On this morning, we are there helping out with walking the dogs. There are going to be 6 dogs on this run. If you think we got up early, Ray and Trish Lackwitzís have driven 3 hours already from Southern Maryland to pick up 4 greys to take with them back down to Greyhound Central in Lusby, Maryland. That is 6 hours round trip driving in the middle of the night. While the Arnoldís and Heather Couvillon are picking up the other 2 as fosters.
Back a few years ago, Andrea and I used to help haul the dogs from the Maryland House down to Southern Maryland, help with grooming them, then help with any adoptions if needed. Then one time while driving home at 1 in the afternoon, I dozed off behind the wheel and crossed 3 lanes of traffic before Andrea woke me up. Needless to say that since then we have not made any of the trips to Southern Maryland with a dog run. Instead, we have been content with helping out by walking the dogs to get them ready for the trip to Greyhound Central.
For those of you that want to see the entire greyhound experience, seeing the dogs come off the truck is almost as good as seeing your greyhound race. Deb Johnson, past President and founder of GEGR, said it is like seeing them ďrebornĒ. It is the beginning of their new life as ďretiredĒ racers. The dogs have no idea what is going on when we open the doors to the hauler. Some are terrified, while others are ecstatic, while others just want to stretch out a little. Either way it is always enjoyable being there to see them as they are lifted down and placed on the ground.
We pull up to the truck and we can already hear a few of the dogs barking excitedly. Another group is there waiting for the unloading to begin. Ray and Trish pull up next to us and after early morning greetings, we head over to see our pups. I have done this a number of times and I still feel my pulse pick up a notch as we get ready to unload. This is something that never gets old.
We all stand back and watch as the other group gets their pups, the cold air hasnít chilled the atmosphere of the moment. Then it is our turn. Trish goes over the paperwork as we get the leashes ready. Ed gets a big white boy that is just as happy as can be, Machinist I believe is his name. The next one off is a fawn colored boy with a touch of black on his muzzle, Decided. I slip the collar on him and his muzzle back into place. He instantly begins rubbing his face against my leg before pausing to pee for a steady 2 minutes straight on the back of the truck he just spent the last 8 hours in.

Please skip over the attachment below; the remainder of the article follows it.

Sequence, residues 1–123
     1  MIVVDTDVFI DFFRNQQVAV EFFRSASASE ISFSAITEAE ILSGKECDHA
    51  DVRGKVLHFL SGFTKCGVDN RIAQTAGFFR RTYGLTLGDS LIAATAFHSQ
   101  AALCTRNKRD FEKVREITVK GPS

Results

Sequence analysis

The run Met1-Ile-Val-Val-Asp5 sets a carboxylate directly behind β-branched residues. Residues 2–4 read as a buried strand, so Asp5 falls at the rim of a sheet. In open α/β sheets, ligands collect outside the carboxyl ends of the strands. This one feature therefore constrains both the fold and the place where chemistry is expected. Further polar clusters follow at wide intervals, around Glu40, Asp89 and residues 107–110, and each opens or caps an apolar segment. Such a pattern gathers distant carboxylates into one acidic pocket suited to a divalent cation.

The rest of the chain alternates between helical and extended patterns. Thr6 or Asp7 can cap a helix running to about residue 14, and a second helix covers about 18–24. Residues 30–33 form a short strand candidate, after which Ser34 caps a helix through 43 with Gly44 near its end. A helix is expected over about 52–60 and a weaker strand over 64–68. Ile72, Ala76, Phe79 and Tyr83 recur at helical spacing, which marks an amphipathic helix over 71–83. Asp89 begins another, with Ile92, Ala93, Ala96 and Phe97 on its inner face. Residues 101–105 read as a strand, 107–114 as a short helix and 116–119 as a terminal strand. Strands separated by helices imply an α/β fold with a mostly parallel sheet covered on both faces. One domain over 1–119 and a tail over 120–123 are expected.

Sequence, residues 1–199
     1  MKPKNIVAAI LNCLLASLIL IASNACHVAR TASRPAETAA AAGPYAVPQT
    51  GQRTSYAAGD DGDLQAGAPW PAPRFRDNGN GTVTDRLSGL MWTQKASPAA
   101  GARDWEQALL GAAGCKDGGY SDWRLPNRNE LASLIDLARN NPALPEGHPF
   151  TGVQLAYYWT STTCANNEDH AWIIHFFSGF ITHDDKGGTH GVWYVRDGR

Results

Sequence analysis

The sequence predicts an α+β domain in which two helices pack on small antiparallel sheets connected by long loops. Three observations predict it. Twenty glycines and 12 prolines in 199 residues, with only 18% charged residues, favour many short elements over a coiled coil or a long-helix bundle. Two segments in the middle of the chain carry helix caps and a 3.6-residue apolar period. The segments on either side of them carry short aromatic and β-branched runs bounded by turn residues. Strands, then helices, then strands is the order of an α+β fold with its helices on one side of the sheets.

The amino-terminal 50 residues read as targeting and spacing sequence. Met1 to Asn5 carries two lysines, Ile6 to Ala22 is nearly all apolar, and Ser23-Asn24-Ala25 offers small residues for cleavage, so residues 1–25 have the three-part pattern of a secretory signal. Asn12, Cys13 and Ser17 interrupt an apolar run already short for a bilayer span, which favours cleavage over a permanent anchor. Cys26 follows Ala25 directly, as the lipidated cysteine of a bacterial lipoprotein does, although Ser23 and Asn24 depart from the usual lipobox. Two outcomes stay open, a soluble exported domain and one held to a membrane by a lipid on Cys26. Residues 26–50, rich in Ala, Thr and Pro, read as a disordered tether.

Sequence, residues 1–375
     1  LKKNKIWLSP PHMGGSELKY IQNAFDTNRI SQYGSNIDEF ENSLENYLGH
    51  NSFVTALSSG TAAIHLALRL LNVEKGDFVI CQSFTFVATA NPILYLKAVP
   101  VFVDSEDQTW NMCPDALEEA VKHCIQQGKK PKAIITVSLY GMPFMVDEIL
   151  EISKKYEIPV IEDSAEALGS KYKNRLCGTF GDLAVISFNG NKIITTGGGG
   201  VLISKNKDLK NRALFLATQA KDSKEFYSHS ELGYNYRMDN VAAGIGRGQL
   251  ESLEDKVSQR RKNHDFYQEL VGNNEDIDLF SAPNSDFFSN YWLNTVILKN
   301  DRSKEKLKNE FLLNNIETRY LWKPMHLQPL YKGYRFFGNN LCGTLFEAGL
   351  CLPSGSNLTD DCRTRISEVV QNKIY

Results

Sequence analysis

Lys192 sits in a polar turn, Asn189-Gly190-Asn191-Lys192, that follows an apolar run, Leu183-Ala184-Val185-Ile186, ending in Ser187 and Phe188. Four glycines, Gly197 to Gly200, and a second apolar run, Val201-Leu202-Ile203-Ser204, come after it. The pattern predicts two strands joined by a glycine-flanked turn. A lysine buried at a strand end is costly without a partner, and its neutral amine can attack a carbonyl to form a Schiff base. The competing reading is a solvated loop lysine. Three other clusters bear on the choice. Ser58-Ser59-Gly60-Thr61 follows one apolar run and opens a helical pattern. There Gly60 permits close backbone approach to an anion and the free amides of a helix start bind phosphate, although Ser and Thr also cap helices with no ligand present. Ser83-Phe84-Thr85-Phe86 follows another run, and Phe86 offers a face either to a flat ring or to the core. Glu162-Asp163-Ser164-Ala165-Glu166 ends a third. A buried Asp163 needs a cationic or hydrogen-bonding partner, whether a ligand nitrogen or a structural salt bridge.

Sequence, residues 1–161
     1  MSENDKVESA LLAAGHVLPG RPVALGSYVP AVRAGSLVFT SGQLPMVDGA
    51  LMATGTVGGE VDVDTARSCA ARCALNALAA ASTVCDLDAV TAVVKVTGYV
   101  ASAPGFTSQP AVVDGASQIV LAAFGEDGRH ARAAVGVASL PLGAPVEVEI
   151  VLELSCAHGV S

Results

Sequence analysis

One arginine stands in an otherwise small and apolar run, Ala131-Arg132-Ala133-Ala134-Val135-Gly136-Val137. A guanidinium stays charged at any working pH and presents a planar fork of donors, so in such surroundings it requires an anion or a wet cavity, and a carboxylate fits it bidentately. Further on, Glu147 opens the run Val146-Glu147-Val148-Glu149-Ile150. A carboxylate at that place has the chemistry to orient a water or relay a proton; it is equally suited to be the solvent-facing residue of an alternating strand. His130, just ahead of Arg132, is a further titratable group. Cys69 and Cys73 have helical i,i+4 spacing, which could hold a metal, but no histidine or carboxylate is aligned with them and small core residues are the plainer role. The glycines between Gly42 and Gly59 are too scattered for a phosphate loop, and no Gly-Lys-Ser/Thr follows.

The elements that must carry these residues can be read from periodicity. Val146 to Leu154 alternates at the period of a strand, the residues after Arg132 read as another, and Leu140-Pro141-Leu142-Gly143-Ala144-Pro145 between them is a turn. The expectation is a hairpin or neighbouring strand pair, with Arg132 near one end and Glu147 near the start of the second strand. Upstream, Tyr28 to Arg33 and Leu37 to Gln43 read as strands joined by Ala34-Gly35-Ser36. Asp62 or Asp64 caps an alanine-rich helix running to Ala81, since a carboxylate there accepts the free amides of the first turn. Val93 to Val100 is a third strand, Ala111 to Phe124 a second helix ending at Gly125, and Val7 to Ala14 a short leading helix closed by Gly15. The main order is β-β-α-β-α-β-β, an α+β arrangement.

From the other side of the truck, I hear Amanda giggling and I walk around to see what is so funny. The little brindle girl she has is showing as many teeth as possible through the muzzle. The more Amanda laughs the more this sweet little girl grins. Amanda drops to her knee and is instantly smacked in the face as this cutie pie tries to lick her through the muzzle, still grinning. You canít help but laugh just looking at her. This is Betty Boop. Soon to be a new star on the GEGR forum, with many pictures of her overbite and smile. Right now she is just happy to have Amanda rubbing her
After a few minutes of walking the dogs in the grass that surrounds the parking lot to handle their business, no one gets loaded until they all take care of business. No one wants to be driving back to where ever with the smell of fresh dog poop in the their vehicles. Once everyone has taken care of business, we all meet again with the hounds near Trish and Rayís van. Almost as if on cue, a plastic bag goes drifting by making just enough noise to draw interest. Ears go up, a few tight leashes, and a ďleave itĒ end this dog run. Heather Couvillon and the Arnoldís pull up and we get everyone loaded up ready for their next trip, much shorter then the one they just embarked on.
Once everyone is loaded and set, we head on back to Delaware while the greyhoundís head to their new lives as retired racers. Amanda is in the back seat still laughing about Betty and her crazy smile, while Ed and I ride up front talking about the next run. This isnít something we have to do, but it is something we love doing.
Greyhounds aren't just dogs, they are a way of life!